Collaboration Seeks Treatments for Diseases Caused by Nonsense Mutations

Marisa Wexler, MS avatar

by Marisa Wexler, MS |

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A new collaboration between the University Carlos III Madrid (UC3M), Almirall, and the Medina Foundation aims to find treatments for recessive dystrophic epidermolysis bullosa (RDEB) and other genetic diseases caused by nonsense mutations, or those that result in shortened proteins.

The project is partially funded by the Center for Industrial and Technological Development of the Spanish Ministry of Science and Innovation.

“We are convinced that this collaborative research project will add substantial value to our ongoing research efforts to find treatments for [RDEB] and other severe genetic diseases,” Thomas Huber, PhD, research director at Almirall, said in a press release.

A cell’s DNA provides the instructions to make a protein. This information is delivered in a code made of units called codons. Some codons provide instructions for including individual protein building blocks (amino acids), and others — called stop codons — tell the cell’s protein-making machinery when to stop building the protein.

A nonsense mutation is a type of mutation in which a stop codon is present where there’s normally instructions for an amino acid. It’s somewhat analogous to having a period in the middle of a sentence: just as aberrant punctuation can render a sentence incomprehensible, an aberrant stop codon can result in a protein that is unable to function.

About 11% of genetic diseases in humans are caused by nonsense mutations. RDEB is caused by mutations — including nonsense mutations in some cases — in the COL7A1 gene.

The new project is called TRIDs4DEB, which stands for Translational Read-Through Inducers for Dystrophic Epidermolysis Bullosa. It aims to identify chemical starting points that can allow a cell’s protein-making machinery to “read through” a stop codon to produce a functional protein. In the above analogy, this would basically be like ignoring the misplaced period and reading the sentence as intended.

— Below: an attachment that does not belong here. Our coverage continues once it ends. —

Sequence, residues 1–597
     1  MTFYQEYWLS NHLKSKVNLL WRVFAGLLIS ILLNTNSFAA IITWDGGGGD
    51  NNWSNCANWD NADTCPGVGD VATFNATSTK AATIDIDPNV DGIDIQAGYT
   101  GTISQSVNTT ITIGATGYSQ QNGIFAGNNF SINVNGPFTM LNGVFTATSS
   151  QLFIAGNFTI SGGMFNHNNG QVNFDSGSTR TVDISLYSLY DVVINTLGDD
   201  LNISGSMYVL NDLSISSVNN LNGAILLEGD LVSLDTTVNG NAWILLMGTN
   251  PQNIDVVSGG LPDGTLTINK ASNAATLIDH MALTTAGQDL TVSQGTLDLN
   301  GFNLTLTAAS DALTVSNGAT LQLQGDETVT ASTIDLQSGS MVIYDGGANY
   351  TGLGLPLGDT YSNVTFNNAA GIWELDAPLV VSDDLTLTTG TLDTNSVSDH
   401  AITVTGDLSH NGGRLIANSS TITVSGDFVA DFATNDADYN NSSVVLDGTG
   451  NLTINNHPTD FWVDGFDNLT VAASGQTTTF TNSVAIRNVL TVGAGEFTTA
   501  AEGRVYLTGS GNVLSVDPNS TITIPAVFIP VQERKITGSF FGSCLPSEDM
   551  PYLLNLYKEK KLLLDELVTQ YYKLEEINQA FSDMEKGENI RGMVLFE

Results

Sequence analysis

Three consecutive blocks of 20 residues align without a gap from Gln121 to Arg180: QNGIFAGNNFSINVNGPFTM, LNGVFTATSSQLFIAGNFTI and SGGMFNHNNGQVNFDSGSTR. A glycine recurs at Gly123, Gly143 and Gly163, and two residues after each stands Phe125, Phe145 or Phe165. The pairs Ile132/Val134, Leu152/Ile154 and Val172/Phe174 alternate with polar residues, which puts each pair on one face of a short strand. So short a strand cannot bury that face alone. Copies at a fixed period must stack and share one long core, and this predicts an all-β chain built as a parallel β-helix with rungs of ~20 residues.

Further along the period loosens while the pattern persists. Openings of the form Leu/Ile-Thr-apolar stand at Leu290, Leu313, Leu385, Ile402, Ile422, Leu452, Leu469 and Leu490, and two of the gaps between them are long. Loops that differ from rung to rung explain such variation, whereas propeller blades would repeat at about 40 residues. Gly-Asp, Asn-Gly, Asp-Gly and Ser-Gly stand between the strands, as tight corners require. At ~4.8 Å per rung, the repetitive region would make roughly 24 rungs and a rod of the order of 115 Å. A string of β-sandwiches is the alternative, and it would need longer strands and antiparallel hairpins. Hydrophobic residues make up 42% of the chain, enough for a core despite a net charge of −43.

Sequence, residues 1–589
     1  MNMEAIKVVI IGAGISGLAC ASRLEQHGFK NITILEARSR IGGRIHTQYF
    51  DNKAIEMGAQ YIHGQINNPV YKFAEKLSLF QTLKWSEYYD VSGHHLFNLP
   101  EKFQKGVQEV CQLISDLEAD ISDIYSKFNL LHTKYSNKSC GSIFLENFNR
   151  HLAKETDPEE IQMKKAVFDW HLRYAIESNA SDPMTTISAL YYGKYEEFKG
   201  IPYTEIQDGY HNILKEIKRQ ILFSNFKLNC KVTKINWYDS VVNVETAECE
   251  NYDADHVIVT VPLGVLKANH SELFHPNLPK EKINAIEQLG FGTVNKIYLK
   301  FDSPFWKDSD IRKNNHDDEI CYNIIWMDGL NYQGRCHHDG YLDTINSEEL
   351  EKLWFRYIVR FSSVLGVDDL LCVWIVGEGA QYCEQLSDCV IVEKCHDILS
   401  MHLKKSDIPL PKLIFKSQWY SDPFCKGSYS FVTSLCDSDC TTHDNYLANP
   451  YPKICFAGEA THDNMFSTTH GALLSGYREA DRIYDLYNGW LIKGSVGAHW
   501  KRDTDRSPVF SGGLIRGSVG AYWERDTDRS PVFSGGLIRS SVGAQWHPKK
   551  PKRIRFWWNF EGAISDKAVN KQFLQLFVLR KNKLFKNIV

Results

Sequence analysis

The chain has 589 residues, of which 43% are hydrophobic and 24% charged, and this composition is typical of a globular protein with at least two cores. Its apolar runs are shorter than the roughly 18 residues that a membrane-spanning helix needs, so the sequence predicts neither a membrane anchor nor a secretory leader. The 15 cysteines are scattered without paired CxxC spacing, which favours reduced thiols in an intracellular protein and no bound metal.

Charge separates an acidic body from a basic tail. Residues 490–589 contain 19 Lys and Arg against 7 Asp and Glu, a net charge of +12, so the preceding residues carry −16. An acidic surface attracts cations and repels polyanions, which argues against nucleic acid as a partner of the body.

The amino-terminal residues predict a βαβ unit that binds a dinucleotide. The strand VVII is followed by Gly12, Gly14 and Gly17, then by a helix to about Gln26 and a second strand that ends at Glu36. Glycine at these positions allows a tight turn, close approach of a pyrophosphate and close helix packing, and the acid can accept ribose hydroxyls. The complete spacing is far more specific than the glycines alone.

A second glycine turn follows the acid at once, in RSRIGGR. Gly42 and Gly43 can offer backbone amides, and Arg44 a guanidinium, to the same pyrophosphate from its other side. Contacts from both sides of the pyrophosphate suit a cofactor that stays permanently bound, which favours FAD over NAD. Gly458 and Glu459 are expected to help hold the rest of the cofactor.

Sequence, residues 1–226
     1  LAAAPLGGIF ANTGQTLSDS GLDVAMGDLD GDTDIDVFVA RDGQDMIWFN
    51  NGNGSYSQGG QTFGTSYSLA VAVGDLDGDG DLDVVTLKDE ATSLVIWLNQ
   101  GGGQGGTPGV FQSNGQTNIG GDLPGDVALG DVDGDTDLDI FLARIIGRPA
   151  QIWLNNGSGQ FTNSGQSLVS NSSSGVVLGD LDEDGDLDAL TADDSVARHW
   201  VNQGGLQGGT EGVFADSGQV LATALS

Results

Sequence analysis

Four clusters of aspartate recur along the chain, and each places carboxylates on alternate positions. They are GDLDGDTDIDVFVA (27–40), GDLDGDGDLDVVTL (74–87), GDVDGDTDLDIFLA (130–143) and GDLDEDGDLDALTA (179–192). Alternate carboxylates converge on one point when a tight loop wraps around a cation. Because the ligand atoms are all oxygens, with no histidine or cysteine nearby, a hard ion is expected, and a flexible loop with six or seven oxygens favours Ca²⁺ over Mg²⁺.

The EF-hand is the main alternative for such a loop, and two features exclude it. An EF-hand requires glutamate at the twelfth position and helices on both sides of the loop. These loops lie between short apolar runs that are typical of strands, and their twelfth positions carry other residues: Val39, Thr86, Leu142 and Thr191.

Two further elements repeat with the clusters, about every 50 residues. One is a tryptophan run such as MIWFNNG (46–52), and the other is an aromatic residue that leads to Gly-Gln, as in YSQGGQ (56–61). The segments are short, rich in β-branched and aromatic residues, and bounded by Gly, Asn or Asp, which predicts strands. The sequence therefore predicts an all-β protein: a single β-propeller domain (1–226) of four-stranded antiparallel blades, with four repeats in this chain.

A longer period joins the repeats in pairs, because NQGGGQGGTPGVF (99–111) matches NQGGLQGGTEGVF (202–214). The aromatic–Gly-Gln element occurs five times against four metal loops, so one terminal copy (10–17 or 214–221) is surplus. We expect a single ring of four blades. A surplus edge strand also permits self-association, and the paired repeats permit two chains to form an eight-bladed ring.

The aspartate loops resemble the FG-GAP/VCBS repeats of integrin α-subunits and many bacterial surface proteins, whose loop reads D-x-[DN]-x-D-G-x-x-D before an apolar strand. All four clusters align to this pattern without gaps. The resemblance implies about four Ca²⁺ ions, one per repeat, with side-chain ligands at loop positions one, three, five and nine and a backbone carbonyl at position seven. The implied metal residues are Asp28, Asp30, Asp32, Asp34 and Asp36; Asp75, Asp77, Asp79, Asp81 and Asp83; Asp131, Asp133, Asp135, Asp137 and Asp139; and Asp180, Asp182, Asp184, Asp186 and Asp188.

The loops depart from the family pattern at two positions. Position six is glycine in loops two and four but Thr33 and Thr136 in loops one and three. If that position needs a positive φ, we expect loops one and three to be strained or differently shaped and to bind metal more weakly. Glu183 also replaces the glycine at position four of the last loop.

Any chemical starting points that are identified could then serve as the basis for developing candidate therapies.

The project is being led by Almirall, which is contributing its library of potential compounds, as well as expertise in assay development and in researching and developing new drugs. The Medina Foundation is also contributing a library of microbial compounds and expertise in drug discovery. UC3M is providing additional expertise in genetic diseases and in generating patient-derived cell models of RDEB.

“A multi-disciplinary project approach is a unique opportunity to contribute our natural product libraries for the identification of possible starting points for the development of new products to treat [RDEB],” said Olga Genilloud, PhD, director of science at the Medina Foundation.

Fernando Larcher, PhD, a professor at UC3M, added: “It is essential to be able to find new compounds that are more powerful and less toxic than those now in use. We have the tools and capabilities to identify from among the large number of compounds to be tested some that will meet that requirement.”

Larcher has helped to develop a potential therapy for RDEB based on the CRISPR-Cas9 gene editing technology, a system that has been highly acclaimed by scientists for being faster and more accurate than other existing gene-editing methods.

This approach, which restored collagen VII production in about 80% of patient-derived skin cells in the lab, was recently granted orphan drug designation by the European Medicines Agency.